If the mainspring of popular government in peacetime is virtue, amid revolution it is at the same time virtue and terror: virtue, without which terror is fatal; terror, without which virtue is impotent. Terror is nothing but prompt, severe, inflexible justice; it is therefore an emanation of virtue. It is less a special principle that a consequence of the general principle of democracy applied to our country's most pressing needs.
I will set aside any qualitative judgments on that passage and consider whether the stick-up boy Omar Little from The Wire comes close to functioning in that role. A stick-up boy is someone who robs the drug dealers. Omar repeatedly talks about living by a code and when a drug dealer tries to pin a murder charge on him in revenge Omar has some credibility when he tells the police officers, "Did you ever know me to do a civilian?" More than this Omar operates with prompt, severe and inflexible actions. Another aspect of the revolutionary space that Zizek promotes is its radical egalitarianism. Omar runs with a tight group in which he himself is gay and includes his lover, women, and his blind "mentor" Butch.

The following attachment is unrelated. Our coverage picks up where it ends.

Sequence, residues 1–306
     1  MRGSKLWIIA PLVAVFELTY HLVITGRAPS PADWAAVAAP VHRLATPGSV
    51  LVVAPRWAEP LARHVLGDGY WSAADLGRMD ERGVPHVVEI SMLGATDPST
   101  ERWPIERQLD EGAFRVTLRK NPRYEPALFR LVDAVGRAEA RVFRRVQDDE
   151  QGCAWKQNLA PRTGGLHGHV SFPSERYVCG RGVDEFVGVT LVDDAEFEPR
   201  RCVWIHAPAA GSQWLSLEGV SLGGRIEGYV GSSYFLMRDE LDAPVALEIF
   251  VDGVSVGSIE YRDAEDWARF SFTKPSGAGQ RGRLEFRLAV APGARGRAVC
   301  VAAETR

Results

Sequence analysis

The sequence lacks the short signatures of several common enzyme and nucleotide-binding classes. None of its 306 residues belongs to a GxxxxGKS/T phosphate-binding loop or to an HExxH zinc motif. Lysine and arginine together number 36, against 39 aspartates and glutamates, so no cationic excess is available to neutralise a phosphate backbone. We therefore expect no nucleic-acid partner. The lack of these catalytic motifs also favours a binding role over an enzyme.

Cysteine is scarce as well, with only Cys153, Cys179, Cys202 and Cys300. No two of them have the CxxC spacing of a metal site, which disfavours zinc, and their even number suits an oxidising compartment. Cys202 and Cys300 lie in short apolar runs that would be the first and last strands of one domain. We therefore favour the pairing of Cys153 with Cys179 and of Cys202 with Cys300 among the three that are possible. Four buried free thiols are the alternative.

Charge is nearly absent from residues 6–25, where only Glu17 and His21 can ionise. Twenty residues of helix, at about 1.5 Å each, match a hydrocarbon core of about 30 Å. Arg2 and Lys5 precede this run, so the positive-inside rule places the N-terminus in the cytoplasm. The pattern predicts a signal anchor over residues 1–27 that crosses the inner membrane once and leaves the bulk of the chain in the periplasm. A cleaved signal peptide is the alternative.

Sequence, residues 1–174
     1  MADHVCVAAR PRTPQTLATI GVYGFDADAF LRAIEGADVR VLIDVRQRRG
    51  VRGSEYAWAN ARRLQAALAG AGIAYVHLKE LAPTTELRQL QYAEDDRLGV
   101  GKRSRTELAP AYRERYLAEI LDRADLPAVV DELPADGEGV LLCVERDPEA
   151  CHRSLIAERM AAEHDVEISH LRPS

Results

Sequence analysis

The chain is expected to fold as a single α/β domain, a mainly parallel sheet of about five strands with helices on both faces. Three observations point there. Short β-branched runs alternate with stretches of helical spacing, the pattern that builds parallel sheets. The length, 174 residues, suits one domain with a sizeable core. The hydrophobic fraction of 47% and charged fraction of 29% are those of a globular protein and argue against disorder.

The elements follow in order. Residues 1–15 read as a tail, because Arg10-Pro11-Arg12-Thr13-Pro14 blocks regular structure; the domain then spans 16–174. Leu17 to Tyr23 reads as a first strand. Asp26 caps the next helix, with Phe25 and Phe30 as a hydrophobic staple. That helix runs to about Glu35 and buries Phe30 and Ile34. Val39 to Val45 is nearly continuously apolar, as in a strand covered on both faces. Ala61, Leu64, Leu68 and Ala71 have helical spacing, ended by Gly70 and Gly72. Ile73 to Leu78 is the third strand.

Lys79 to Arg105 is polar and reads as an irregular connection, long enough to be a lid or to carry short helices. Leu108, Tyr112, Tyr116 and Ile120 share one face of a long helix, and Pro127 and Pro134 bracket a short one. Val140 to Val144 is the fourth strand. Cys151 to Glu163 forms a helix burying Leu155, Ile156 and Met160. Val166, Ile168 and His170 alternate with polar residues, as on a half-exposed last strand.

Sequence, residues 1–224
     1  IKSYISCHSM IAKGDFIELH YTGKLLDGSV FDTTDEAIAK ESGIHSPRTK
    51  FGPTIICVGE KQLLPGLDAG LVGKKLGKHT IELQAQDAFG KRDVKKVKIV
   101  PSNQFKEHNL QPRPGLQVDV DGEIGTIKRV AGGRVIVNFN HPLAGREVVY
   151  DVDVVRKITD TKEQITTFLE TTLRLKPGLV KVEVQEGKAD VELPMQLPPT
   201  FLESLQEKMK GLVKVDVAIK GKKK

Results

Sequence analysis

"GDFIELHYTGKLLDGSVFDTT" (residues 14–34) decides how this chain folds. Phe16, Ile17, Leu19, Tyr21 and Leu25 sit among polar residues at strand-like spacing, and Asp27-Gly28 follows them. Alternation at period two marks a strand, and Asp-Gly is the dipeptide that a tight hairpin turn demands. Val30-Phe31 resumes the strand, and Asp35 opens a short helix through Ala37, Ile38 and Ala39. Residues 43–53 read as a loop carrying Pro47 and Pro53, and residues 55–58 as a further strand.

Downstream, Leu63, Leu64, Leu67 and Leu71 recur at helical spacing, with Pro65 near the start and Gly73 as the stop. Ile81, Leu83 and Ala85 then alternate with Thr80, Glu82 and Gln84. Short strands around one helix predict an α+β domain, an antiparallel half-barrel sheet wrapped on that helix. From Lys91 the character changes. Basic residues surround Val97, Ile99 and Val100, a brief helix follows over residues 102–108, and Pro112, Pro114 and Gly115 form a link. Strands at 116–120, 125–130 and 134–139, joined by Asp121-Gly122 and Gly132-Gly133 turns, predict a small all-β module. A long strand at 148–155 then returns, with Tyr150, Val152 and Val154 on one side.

I suspect Omar's mettle comes from a mixture of suffering (indicated by the giant scare across his face) as well as having a moral/spiritual framework from youth (in one scene he is attacked brining his mother to church). I have as yet to understand the 'human' role that would allow a revolutionary event that I understand Badiou or Zizek to advocate to be anything less than the terror that has occurred in the past.